For many Australians, a meat pie at lunch with a good squirt of tomato sauce or ketchup is almost a daily ritual. In fact, when I lived in Australia, I often preferred a meat pie to a sandwich, the latter being something which I probably ate everyday at school and which, to this day, still brings me reminders of starched school uniforms and knee-high socks.
I previously shared with you a fabulous recipe for Little Aussie Meat Pies, a meat pie with a minced beef filling quite similar to those found in local Australian canteens and bakeries.
Having been glued to the screen the last few months watching MasterChef Australia, I’m not sure if I should be relieved or depressed that the show is now finished. What am I going to do with all of this time now?? It is strange that, whenever I become engrossed in a TV cooking show, I spend more time on the sofa than actually in the kitchen. Most of the time, I am simply in awe of what these so-called ordinary, amateur cooks are getting up to in their Mystery Boxes and Invention Tests. And the Team Challenges, not to mention the amazing trips to exotic, foodie destinations overseas, seem like a lot of fun.
I have to admit that, whilst I am usually only inspired by a few dishes which the contestants cook, I am usually more impressed by the ingredients that they are working with. If I am ever to tinker with the idea of applying to go on MasterChef (which is very highly unlikely), I think I need to start filleting my own fish, cooking with beef short ribs, learn how to use (and invest in) a Thermomix, make my own pasta more regularly, memorise a few hundred dishes …
It is often observed in the Vietnamese culture, and also amongst other Asian groups, that a typical greeting when you see someone is not “Hi, how are you?” but, rather, “Hi, have you eaten yet?”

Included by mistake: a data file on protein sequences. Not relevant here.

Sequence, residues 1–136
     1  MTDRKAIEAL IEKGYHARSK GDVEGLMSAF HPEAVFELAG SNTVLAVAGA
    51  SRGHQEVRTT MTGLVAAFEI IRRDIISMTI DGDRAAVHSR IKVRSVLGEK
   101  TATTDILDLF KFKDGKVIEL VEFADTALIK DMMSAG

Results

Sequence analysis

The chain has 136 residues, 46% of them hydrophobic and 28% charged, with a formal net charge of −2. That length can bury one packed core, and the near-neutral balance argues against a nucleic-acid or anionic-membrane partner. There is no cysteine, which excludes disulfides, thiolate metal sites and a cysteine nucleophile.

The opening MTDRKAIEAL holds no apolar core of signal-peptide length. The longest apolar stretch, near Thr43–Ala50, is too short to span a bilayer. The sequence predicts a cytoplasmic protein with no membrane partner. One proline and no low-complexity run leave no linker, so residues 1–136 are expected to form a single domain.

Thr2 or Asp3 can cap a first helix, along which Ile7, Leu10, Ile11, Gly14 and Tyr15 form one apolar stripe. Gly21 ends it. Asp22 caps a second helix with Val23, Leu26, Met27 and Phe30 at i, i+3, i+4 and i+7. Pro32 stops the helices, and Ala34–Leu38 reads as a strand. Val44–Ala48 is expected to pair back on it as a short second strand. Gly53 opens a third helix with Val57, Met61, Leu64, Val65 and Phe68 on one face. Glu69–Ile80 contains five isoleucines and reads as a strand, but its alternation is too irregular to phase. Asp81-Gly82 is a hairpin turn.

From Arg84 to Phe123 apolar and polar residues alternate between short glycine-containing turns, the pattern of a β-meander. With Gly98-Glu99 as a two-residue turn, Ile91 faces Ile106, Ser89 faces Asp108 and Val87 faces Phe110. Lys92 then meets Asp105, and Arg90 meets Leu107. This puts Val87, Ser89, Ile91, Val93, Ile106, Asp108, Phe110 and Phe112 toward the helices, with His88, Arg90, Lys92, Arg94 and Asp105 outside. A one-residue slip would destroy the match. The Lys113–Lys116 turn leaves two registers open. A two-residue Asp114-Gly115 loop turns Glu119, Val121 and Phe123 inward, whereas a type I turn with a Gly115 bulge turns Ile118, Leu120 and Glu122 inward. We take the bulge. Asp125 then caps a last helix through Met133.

Even when my mother calls me, if she’s not asking me first what the time is where I am (either because she’s never sure which country I am in or she’s just too lazy to look up the time difference), she will inevitably ask me if I have eaten yet. It is almost the equivalent of asking someone how they are but without the desire to actually know, although if you do respond with a “No”, you can expect an immediate invitation to actually go and eat, whatever the time of day. For my mum and I, it happens to be our way of keeping in touch. She often loses track of, or interest in, my activities, and rather than boring each other with details of our unremarkable days, she will often call me to see if I have eaten, offering suggestions for the week’s menu and reciting recipes over the telephone while I eagerly scribble everything down on the back of an envelope.
I love donuts. I particularly love them hot, fresh from the vat and sprinkled with lots of sugar and ground cinnamon. Give me a donut and a cup of coffee for breakfast and I’m a happy camper.
Now probably isn’t the best time to confess that I once had an addiction to cinnamon donuts. I was living in Brisbane, Australia, at the time and would often buy them by the half dozen from the supermarket and finish them within a day. Not very classy but gosh they were good! Thankfully, those days of gluttony are (sort of) over for me. Though, that is probably due in part to the fact that I now live in Zurich, Switzerland, where cinnamon donuts are a rare find.